83% of employers to boost financial wellbeing support

financial wellbeing supportFour-in-five (83%) UK employers have planned to focus on employee financial wellbeing through enhanced communication, education and decision-making support over the next two years, according to Willis Towers Watson’s 2022 Defined contribution and savings survey.

The number of organisations with a formal financial wellbeing strategy, connected programmes, a consistent brand and an effective communication strategy, is expected to rise considerably from 17% currently to 94% within the next two years.

The majority of respondents (82%) said that saving for retirement is the main priority for their financial wellbeing support strategies, but many were looking to address budgeting, spending and debt (48%), short-term emergency savings (29%) and saving for house purchase deposits (23%). Meanwhile, 11% were allowing employees to use their employer pension contributions for other financial priorities, with 22% planning to introduce this flexibility in the next two years.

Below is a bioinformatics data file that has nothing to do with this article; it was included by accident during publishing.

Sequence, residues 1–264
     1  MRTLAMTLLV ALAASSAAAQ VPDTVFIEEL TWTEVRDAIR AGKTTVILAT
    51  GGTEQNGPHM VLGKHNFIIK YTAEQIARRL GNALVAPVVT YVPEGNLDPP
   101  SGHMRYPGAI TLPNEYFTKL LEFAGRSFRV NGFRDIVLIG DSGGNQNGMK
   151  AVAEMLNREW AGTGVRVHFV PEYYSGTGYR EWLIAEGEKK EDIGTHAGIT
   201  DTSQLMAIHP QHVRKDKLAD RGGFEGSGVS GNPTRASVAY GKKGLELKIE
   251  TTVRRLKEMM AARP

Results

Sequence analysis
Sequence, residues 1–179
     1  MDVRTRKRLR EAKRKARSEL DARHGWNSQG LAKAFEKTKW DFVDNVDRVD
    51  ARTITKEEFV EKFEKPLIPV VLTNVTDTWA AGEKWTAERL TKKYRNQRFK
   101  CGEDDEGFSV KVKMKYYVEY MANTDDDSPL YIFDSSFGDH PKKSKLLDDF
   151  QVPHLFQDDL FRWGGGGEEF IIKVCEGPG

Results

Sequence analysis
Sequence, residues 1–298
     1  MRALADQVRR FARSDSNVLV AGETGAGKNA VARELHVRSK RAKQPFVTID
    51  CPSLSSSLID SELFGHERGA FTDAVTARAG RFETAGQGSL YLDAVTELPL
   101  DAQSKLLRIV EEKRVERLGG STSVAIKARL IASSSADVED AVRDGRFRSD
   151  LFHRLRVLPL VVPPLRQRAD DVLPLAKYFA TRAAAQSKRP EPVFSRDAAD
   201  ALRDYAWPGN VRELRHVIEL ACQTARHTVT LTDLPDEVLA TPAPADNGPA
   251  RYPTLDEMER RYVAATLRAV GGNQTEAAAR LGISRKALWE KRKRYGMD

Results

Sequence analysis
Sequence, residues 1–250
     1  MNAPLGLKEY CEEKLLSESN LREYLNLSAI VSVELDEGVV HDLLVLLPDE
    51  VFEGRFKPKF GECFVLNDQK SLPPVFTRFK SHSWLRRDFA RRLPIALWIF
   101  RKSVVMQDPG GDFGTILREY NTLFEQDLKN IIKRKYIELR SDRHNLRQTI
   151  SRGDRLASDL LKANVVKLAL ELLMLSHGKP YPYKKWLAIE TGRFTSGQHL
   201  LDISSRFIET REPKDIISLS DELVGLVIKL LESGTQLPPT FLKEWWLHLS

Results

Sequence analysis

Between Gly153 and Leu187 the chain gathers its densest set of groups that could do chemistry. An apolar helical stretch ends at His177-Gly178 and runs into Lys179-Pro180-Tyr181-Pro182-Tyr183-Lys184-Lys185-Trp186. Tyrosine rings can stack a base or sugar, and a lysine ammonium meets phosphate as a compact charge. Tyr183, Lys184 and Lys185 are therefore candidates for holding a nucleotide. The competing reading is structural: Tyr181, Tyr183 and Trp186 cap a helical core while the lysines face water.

A further 82% were also focused on enhancing employees’ experience of their defined contribution (DC) savings plan through better communication and technology, while own trust DC schemes were most likely to move to a master trust (55%), compared with 24% of contract-based schemes in the next two years. More than a third (36%) have planned to review their existing DC plan arrangement or provider in the next two years.

Gemma Burrows, director at Willis Towers Watson, said: “In recent years we have seen employers take a much broader view of their employee experience and financial wellbeing strategy. Employers are acutely aware of the current cost-of-living crisis facing employees and many are adapting the way in which they offer benefits to introduce new flexibilities in order to address this.

“Contribution flexibility was once viewed solely as a mechanism to mitigate the impact of the annual allowance for higher earners but increasingly employers are looking at providing flexibility to employees and offering saving options, such as ISAs, that may be more relevant to individuals in the short and medium term.”